Herb: Small Reed Mace


Latin name: Typha angustifolia


Family: Typhaceae (Cat-tail Family)



Medicinal use of Small Reed Mace:

The pollen is diuretic, emmenagogue and haemostatic. The dried pollen is said to be anticoagulant, but when roasted with charcoal it becomes haemostatic. It is used internally in the treatment of kidney stones, internal haemorrhage of almost any kind, painful menstruation, abnormal uterine bleeding, post-partum pains, abscesses and cancer of the lymphatic system. It should not be prescribed for pregnant women. Externally, it is used in the treatment of tapeworms, diarrhoea and injuries. An infusion of the root has been used in the treatment of gravel.

Description of the plant:



Plant:
Perennial


Height:
3 m
(9 3/4 foot)

Flovering:
June
to July

Habitat of the herb:

Water up to 15cm deep, avoiding acid conditions.

Edible parts of Small Reed Mace:

Roots - raw or cooked. They can be boiled and eaten like potatoes or macerated and then boiled to yield a sweet syrup. The roots can also be dried, ground into a powder and then used as a thickener in soups etc or added to cereal flours. Rich in protein, this powder is used to make biscuits etc. Young shoots in spring - raw or cooked. An asparagus substitute. Base of mature stem - raw or cooked. It is best to remove the outer part of the stem. Young flowering stem - raw, cooked or made into a soup. It tastes like sweet corn. Seed - cooked. The seed is very small and fiddly to harvest, but it has a pleasant nutty taste when roasted. An edible oil is obtained from the seed. Due to the small size of the seed this is probably not a very worthwhile crop. Pollen - raw or cooked. A protein rich additive to flour used in making bread, porridge etc. It can also be eaten with the young flowers, which makes it considerably easier to utilize. The pollen can be harvested by placing the flowering stem over a wide but shallow container and then gently tapping the stem and brushing the pollen off with a fine brush. This will help to pollinate the plant and thereby ensure that both pollen and seeds can be harvested.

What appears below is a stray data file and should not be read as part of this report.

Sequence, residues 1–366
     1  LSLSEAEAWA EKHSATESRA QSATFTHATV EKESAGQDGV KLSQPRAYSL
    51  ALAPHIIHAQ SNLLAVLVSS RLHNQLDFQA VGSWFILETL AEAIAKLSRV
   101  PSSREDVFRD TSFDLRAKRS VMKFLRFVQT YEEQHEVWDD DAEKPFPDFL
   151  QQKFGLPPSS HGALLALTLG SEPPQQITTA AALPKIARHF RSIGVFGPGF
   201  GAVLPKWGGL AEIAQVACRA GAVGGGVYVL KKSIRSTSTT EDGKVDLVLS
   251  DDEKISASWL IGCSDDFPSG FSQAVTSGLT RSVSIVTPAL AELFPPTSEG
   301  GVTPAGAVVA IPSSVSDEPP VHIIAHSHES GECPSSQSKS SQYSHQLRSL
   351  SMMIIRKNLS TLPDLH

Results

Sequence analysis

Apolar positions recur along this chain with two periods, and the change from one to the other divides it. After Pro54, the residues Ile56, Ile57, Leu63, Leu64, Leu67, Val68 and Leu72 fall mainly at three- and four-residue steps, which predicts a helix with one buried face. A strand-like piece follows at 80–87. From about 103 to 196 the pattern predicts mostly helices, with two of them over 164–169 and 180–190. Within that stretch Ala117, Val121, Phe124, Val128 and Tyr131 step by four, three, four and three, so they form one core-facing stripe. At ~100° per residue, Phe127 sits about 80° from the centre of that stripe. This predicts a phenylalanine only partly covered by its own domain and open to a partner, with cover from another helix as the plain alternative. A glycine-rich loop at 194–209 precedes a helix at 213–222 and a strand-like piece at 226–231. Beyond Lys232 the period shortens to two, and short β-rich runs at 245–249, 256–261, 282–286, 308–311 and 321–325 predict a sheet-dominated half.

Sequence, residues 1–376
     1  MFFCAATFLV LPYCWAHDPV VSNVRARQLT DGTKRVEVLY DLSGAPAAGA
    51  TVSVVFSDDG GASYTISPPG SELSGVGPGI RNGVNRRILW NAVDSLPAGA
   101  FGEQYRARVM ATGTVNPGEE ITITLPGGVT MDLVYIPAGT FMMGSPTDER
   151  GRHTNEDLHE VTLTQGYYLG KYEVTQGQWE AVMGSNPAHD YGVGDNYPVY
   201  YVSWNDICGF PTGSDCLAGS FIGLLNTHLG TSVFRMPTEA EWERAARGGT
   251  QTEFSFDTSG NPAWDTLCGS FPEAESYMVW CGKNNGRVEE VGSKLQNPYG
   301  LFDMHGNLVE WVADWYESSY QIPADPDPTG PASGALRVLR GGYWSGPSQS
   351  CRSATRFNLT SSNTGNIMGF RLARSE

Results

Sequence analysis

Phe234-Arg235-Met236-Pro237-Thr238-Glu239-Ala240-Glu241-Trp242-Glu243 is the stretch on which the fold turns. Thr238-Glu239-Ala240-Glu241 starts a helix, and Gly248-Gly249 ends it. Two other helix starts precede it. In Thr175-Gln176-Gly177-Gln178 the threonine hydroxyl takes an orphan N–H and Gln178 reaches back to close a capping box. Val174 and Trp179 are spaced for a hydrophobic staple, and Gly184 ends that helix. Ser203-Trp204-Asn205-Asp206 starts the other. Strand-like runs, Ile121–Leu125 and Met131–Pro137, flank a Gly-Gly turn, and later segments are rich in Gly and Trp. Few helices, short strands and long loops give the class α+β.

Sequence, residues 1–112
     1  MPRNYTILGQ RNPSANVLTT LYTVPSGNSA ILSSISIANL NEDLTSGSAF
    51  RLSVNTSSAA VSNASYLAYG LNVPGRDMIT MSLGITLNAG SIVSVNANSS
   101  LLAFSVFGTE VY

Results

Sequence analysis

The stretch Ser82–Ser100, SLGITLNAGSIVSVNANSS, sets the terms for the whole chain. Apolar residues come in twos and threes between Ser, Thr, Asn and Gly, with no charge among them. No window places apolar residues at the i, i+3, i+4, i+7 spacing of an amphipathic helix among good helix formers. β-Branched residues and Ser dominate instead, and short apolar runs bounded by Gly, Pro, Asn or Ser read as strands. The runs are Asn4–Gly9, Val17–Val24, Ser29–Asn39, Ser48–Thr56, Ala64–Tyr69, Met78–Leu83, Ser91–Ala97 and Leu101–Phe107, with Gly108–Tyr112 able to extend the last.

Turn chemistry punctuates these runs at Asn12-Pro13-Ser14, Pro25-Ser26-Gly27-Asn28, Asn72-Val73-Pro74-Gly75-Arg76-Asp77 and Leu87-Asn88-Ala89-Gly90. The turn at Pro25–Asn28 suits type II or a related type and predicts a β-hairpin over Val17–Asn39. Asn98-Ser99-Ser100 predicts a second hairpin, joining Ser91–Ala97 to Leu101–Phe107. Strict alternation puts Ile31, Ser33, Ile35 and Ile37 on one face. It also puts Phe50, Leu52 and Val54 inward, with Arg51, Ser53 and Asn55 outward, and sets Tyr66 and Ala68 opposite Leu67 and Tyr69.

Other uses of the herb:

The stems and leaves have many uses, they make a good thatch, can be used in making paper, can be woven into mats, chairs, hats etc. They are a good source of biomass, making an excellent addition to the compost heap or used as a source of fuel etc. The hairs of the fruits are used for stuffing pillows etc. They have good insulating and buoyancy properties. The female flowers make an excellent tinder and can be lit from the spark of a flint. The pollen is highly inflammable and is used in making fireworks. This plants extensive root system makes it very good for stabilizing wet banks of rivers, lakes etc.

Propagation of Small Reed Mace:

Seed - surface sow in a pot and stand it in 3cm of water. Pot up the young seedlings as soon as possible and, as the plants develop, increase the depth of water. Plant out in summer. Division in spring. Very easy, harvest the young shoots when they are about 10 - 30cm tall, making sure there is at least some root attached, and plant them out into their permanent positions.

Cultivation of the herb:

Water up to 15cm deep, avoiding acid conditions.

Known hazards of Typha angustifolia:

None known

Plant information taken from the Plants For A Future.